In 1930, Pluto was observed for the first time. For many decades, astronomers thought that the “ninth planet of the Solar System” was a solitary object. But by 1978, astronomers discovered that it also had a moon roughly half its size. This moon would come to be known as Charon, and it would be the first of many discoveries made within the Pluto’s system.
In fact, within the last decade, four additional satellites have been discovered in orbit of Pluto. Of these, the outermost to be observed is the moon now known as Hydra.
Hydra was first discovered in June 2005 by the Hubble Space Telescope‘s “Pluto Companion Search Team”, using images that were taken on May 15th and 18th of that year. At the time, the team was preparing for the launch of the New Horizons mission to Pluto, seeking to gain as much information as they could about any addition Plutonian moons.
By June, Hydra was again discovered. This time, it was independently observed by two members of the team, along with Nix – another small Plutonian moon. The discoveries were announced on October 31st, 2005, and were provisionally given the designations of S/2005 P 1 and S/2005 P 2 (for Hydra and Nix, respectively).
By June 21st, 2006, the name Hydra was assigned by the IAU (along with the formal designation Pluto III). The name Hydra, which is derived from the nine-headed serpent of Greek mythology, was selected for two reasons. The letter H refers to the Hubble Telescope, which was used to make the discovery, while the nine-headed serpent referred to Pluto’s tenure as the ninth planet of the Solar System.
Size, Mass and Orbit:
Although its size has not been directly measured, calculations based on its brightness have indicated that Hydra’s diameter is between 40 and 160 kilometers (38 and 104 mi). Similar measurements estimate its mass to be in the vicinity of 4.2 x 1017 kg. Because of the uncertainty in these measurements, Hydra is either comparable in size to either the main moons of Saturn and Neptune, or the inner and irregular moons of Jupiter, Saturn and Uranus.
Hydra orbits Pluto at a distance of about 65,000 km with a very low eccentricity (0.0059) and an orbital inclination of about 0.24°. It orbits in the same plane as Charon and Nix and has an orbital period of 38.2 days.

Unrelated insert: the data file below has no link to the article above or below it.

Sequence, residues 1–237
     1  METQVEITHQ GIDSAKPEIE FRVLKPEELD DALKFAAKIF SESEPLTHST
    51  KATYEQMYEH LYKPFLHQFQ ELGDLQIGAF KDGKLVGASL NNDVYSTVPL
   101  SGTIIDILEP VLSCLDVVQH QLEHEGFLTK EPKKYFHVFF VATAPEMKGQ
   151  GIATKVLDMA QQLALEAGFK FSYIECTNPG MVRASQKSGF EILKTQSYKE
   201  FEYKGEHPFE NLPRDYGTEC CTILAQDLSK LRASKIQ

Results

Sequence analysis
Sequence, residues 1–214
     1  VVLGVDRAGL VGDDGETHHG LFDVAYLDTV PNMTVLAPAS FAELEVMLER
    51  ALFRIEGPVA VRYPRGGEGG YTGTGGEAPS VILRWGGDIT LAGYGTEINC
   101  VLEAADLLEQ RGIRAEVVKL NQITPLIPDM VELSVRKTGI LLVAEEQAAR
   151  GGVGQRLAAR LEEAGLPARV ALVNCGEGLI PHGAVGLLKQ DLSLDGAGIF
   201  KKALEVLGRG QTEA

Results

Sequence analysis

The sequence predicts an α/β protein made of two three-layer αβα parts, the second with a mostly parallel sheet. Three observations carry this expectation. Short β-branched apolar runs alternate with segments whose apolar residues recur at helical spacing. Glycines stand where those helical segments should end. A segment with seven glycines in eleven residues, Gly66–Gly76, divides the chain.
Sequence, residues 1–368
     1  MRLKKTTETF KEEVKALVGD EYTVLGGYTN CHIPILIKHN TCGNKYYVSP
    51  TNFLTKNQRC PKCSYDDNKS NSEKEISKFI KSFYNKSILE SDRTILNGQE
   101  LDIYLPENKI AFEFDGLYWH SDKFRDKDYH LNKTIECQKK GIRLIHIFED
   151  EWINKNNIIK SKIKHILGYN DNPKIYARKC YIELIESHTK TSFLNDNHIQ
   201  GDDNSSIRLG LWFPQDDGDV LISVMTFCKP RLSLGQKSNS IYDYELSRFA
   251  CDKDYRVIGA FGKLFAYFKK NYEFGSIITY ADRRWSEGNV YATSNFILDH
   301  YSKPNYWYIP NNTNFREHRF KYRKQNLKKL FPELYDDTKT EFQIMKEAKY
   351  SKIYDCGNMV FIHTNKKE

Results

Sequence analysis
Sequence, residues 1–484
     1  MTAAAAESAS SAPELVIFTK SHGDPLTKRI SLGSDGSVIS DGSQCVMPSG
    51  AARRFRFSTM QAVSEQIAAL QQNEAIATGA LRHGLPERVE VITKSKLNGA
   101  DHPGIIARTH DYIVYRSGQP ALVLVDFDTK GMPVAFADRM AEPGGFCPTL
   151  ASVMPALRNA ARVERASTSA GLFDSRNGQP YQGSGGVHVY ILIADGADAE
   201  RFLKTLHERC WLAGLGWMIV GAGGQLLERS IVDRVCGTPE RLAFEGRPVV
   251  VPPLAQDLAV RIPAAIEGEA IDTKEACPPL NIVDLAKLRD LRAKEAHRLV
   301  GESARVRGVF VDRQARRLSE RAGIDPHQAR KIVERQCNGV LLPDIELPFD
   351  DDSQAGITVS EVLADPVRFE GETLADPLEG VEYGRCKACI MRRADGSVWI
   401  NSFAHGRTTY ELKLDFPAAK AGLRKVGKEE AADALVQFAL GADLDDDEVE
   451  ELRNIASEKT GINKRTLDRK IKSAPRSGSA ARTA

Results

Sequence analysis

Little is known about Hydra’s composition, and its density and albedo are both currently unknown. However, it is believed that if its diameter is towards the lower end of its estimated range (40 km), then it must have a geometric albedo similar to Charons (35%).
However, assuming it is at the higher end of that range, it would likely have a reflectivity of about 4%, like the darkest Kuiper belt objects. Like all outer bodies in the outer Solar System, and its host planet Pluto, it is possible that Hydra’s composition is differentiated into a rocky core and an icy mantle that contains nitrogen and methane in ice form.
At the time of its discovery, Hydra appeared to be brighter than Nix. Observations made with the Hubble Telescope in 2005–06, which specifically targeting the two moons, once again confirmed that Hydra is the brighter of the two. Hydra appears to be spectrally neutral like Charon and Nix (i.e. greyish), whereas Pluto is reddish.
Hydra, not being massive enough to form a spheroid under its own gravity, is believed to be oblong in shape – the same holds true for Pluto’s moon of Nix. As with the rest of the Pluto system, Hydra was imaged by NASA’s New Horizons spacecraft in February of 2015. When New Horizons conducts its flyby at 7:49:57 a.m. EDT, July 14, 2015, it will provide the most detailed images of Hydra and the Pluto system to date.
We have several interesting articles on Pluto’s moon of Hydra. Here’s one on the First New Images of Pluto from New Horizons, and New Horizons Now Close Enough to See Pluto’s Smaller Moons.